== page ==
The state of cybersecurity is constantly evolving and growing in sophistication. Shouldn’t discussions about it be similarly innovative?
If you’re looking for something different in your cybersecurity education and some fresh voices outside of the tech echo chamber, then you’ll be excited to learn about the 2015 Symantec Government Symposium – Secure Government: Manage, Mitigate, Mobilize – on Wednesday, April 15, 2015.
The premier IT security and management conference, the full-day symposium is designed to facilitate peer-to-peer dialogue and cross-pollination of best practices. There will be multiple sessions and tons of great speakers to hear from. But what’s really exciting will occur later in the day.
Walk the Walk, TECH the Talk
During the afternoon plenary session, attendees will get to experience a new addition to the program: TECH Talks, moderated by Jason Miller, Executive Editor, Federal News Radio. These powerful and energetic 15-minute remarks will focus on an “Aha!” or “Wow!” moment in government cyber (Think TED talks except even cooler). Afterwards, a rapid fire Q&A will take place.
Attendees will get to hear from Suzanne Vautrinot, Major General, U.S. Air Force (Ret). Formerly a leader in government cyber, she now represents a voice of the private sector. Her remarks, titled “Cybersecurity Isn’t About Your Email, It’s About Your Life,” will focus on how increasing digitization and interconnectedness make cybersecurity a pervasive, everyday concern. With this rapidly evolving cyber threat landscape, how should government respond?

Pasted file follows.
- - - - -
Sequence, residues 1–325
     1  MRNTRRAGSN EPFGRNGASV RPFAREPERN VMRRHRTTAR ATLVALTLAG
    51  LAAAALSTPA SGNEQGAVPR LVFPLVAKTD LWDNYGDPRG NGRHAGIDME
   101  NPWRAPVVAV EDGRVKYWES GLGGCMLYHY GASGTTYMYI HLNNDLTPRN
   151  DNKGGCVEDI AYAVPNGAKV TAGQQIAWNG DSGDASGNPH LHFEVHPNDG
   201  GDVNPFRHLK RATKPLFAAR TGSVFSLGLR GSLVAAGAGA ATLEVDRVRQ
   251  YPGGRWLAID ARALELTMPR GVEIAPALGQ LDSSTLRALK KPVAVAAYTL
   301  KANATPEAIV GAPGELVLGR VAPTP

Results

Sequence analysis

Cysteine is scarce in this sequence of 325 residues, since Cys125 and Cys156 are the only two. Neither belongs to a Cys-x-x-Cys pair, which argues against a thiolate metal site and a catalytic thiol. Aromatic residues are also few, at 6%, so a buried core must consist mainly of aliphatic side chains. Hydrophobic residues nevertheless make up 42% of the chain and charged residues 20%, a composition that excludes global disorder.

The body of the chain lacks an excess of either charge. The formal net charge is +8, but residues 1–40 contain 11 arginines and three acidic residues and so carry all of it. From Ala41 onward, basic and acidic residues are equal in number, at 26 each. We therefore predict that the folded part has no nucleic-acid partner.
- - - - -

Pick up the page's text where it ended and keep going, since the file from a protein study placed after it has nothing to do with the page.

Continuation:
To find out, the symposium welcomes John Carlin, Assistant Attorney General, National Security Division, Department of Justice. Carlin will speak about the DOJ’s proactive approach to cyber that revolves around detection, disruption, and deterrence. And with the Department’s investigation of the recent high-profile Sony hack, attendees definitely won’t want to miss Carlin’s valuable insight and learn how this new mainstream attention on cyber has spurred changes in the field.
Finally, attendees will hear from Lt. Gen. Kevin McLaughlin, Deputy Commander, United States Cyber Command, U.S. Air Force. Cyber Command is ramping up as one of the main defenders of our government in cyberspace. With increasing visibility across government, how is Cyber Command evolving to meet the changing direction of cybersecurity? McLaughlin will be able to fill attendees in on these pressing matters.
I Dub Thee a Cyber Award Winner
Prior to the TECH talks, as symposium attendees enjoy their lunch, Symantec will also honor eight govies who exemplify excellence in government cybersecurity through individual contributions to programs that protect critical data and systems. The Cyber Awards will also recognize thought leaders who have developed and operationalized innovative strategies or programs to address government cybersecurity challenges.
What’s more, Senator John Thune (SD), Chairman of the Senate Committee on Commerce, Science and Transportation, and Terry Halvorson, Chief Information Officer, Department of Defense, will share brief remarks at this time.
If you’re tired of the same old conferences around town, check out the 2015 Symantec Government Symposium. If you want to be energized and motivated and hear some novel voices in the realm of cybersecurity, this event is right for you. Plus, it’s not everyday you get a chance to hear from top government leadership and learn what is driving their strategies.
Everyday, we’re all dealing with new cybersecurity issues. So, let’s start talking about them in new ways.
Symantec protects the world’s information and is the global leader in security, backup and availability solutions. Their innovative products and services protect people and information in any environment – from the smallest mobile device, to the enterprise data center, to cloud-based systems. Their industry-leading expertise in protecting data, identities and interactions gives their government customers confidence in a connected world. More information is available on Symantec’s GovLoop Page.